You didn’t see the coding change Facebook made in October but you should notice a better response to the ads you place on the social media network.
As you know, every internet company that sells advertising tracks customers who click on ads and make online purchases. Facebook, Google, Amazon and all the other companies use that information to try to sell you even more merchandise.
Until Oct. 24, Facebook had used other companies to do the tracking. The practice was referred to as a “third-party cookie option” because computer cookies are used in the tracking.
What the change means
Now Facebook tracks cookies itself and as a result can provide more detailed information to anyone who places ads on the platform. That’s because “first-party cookie options” face fewer restrictions from internet search providers and government regulations.
Facebook advertisers faced problems especially with customers who use Safari, which is owned by Apple and is the second most popular search engine behind Chrome. With the “first-party” option, Facebook removed those restrictions and can provide advertisers with demographic information about where customers live, their age and buying preferences; whether they are using a desktop or mobile website; and measurement of the ad’s effectiveness.
This information gives advertisers on Facebook more opportunities to sell more products. And that’s why businesses use Facebook.
Advertising terms you need to know:
- A “pixel” describes the code that is used to track customer behavior and create cookies.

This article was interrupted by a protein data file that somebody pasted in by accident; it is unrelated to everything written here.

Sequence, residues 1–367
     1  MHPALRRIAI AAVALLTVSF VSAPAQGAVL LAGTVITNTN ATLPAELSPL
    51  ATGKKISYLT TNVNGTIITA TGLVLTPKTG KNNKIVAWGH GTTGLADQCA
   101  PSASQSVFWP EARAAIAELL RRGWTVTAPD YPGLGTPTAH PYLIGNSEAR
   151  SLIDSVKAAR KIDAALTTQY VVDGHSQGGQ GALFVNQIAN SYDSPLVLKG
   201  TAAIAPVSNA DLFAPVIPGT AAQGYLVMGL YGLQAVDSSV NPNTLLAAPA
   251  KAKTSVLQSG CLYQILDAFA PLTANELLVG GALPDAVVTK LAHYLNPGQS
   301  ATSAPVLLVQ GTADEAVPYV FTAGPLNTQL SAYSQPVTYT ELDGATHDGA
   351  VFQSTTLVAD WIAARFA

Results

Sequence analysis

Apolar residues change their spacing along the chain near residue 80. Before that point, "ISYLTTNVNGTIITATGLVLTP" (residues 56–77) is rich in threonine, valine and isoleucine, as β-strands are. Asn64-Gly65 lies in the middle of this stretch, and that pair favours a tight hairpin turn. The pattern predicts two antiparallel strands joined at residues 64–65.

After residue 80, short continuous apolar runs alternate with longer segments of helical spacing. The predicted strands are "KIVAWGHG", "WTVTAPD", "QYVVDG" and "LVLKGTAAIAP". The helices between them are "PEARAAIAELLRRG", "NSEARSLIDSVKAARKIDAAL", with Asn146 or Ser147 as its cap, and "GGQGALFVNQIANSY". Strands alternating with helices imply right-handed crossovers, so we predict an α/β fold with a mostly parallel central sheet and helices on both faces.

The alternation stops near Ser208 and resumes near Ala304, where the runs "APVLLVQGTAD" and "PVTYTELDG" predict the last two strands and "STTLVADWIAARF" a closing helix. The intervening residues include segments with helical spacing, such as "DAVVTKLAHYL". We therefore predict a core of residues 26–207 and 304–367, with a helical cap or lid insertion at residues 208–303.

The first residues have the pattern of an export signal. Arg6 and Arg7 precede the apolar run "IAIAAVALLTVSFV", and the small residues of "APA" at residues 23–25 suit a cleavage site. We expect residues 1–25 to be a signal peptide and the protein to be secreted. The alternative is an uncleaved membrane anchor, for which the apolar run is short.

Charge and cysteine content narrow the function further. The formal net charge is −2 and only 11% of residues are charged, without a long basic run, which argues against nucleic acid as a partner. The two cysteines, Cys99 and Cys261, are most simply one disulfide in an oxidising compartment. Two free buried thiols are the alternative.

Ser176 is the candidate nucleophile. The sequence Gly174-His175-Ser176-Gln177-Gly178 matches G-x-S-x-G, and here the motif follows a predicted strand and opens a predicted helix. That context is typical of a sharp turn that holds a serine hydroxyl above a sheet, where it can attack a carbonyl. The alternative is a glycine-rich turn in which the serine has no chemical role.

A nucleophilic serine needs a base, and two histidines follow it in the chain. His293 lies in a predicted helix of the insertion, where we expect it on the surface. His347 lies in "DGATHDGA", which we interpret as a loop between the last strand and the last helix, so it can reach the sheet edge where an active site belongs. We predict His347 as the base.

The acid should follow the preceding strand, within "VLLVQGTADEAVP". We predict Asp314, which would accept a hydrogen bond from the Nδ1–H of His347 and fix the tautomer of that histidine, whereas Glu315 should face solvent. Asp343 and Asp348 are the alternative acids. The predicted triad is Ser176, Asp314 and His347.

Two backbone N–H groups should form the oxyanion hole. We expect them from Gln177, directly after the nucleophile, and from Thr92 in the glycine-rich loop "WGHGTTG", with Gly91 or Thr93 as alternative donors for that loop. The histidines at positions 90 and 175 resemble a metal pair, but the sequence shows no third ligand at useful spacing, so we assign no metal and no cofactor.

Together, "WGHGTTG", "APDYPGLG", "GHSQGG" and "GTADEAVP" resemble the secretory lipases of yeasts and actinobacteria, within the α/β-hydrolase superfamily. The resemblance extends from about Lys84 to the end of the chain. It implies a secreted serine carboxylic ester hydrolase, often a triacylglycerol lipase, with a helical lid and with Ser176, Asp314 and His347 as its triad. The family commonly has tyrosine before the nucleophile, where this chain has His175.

- A cookie resides in your browser and tells advertisers about your buying preferences.
- Retargeting: The practice of sending additional advertising to customers who have already viewed an ad and/or made a purchase from an advertiser.
When you visit a website, a pixel records the pages you view and any buying actions you take. The pixel deposits a cookie in your browser, where it is stored and can convey consumer information to sellers.
The changes in cookie tracking will not affect Facebook’s requirements for businesses to give visitors information about how cookies are used. So any business site you run should maintain or update the customer disclosure on how data is collected and shared. We wrote about the changes enacted by the European Union that also guide companies based in the U.S.
If you don’t want to spend the time learning more about pixels and cookies, Bingley Design can help you create and get the most out of your Facebook advertising. Contact Lauren at (203) 491-2814 or email@example.com